Is Cell Phone Addiction a Problem?

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Has our society become too dependent on cell phones and smart devices? Everywhere you look you will see cell phones, tablets, and laptops. Our digital world is continually growing and progressing into an even more digitized society. When is it too much? At what point do we realize that we have a problem?

The artifact above shows a family finally sitting down together to have some quality family time. At first glance you would think it’s just a normal family with a dad, mom, two daughters, a son, their dog, and even a little bluebird in the corner. They seem to be the perfect little family. When we examine the artifact closer, we will notice there is more going on than first meets the eye. The author (ethos) of the artifact uses bland colors to paint his picture. Everyone in the picture, aside from the little boy. has on some variation of blue or purple. These colors don’t bring out feelings of excitement or joy like bright happy colors would. The walls are blue, the couch is blue, most of the clothing is blue or purple, and even the bird in the cage is blue. The use of color is an indicator of the mood the creator of the artifact is wanting to set. A bland, boring, sad scene is being portrayed.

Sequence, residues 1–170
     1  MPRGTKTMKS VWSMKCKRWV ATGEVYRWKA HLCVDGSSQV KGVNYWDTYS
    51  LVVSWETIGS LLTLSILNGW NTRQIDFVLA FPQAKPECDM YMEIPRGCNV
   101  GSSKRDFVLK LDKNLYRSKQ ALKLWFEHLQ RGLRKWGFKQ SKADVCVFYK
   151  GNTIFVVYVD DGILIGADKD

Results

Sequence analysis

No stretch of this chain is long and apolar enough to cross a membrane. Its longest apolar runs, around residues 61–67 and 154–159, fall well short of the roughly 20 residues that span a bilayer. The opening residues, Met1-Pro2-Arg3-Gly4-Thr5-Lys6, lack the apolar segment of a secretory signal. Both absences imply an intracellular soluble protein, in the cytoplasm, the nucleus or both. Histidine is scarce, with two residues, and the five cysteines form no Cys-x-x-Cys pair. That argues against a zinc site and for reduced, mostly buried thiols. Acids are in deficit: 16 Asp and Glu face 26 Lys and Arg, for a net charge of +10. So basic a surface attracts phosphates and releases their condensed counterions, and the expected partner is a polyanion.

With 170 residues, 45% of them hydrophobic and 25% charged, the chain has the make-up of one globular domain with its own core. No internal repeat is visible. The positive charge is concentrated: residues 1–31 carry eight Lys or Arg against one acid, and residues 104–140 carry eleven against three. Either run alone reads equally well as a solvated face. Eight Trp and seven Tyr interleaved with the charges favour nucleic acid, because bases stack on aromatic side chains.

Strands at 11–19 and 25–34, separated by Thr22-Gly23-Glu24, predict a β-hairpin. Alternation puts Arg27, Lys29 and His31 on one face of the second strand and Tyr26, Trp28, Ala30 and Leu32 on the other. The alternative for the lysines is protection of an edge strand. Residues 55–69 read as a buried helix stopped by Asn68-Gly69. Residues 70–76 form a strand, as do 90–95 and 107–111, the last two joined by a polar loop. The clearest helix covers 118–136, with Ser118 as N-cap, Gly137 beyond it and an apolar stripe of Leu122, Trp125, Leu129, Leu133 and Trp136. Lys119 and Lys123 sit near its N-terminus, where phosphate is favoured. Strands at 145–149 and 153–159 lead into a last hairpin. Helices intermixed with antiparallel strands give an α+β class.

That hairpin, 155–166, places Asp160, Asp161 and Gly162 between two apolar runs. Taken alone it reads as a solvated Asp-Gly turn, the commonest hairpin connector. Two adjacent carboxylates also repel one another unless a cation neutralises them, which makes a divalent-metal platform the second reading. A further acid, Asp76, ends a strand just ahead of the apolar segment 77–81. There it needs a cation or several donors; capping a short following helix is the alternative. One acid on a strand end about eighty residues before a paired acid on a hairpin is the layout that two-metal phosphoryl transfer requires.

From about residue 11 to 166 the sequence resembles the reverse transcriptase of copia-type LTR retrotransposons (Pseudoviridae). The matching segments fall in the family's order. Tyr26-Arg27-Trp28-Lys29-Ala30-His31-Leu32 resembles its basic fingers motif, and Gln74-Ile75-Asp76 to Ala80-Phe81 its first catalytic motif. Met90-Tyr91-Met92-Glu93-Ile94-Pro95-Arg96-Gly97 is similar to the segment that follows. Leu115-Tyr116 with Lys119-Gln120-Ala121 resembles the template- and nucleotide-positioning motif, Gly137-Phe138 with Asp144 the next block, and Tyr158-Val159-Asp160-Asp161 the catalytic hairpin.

Cell Phones are Everywhere

If you will notice the walls in the room, there are no pictures on the wall except for the one hanging that has a cell phone on it instead of a sweet family photo. There is a television that is glowing, telling us it is on, but no one seems to be paying it any attention. Although the whole family is sitting in the same room together, they are not paying each other any attention. Each person has a cell phone, tablet, or a laptop. They are all connecting to something but that something is not each other. Even the dog and bird have their own device. The dog has a tablet with a twitter symbol on front, and the bird has its own cell phone. Three out of the five family members have on earphones so even if one of them was talking they wouldn’t be able to hear them. This family is more concerned with being connected to their smart phones or tablets than they are with being connected and engaged with each other. Even the photo on the wall shows they value their cell phone above each other. They have smiles on their faces, but the smiles are focused on their device not any meaningful conversations going on. This artifact is trying to tell all of us that families are becoming more attached to our gadgets than we are to ourselves. We are so consumed with our cell phones, tablets, and computers that we have lost touch with reality but more importantly we have lost touch with each other.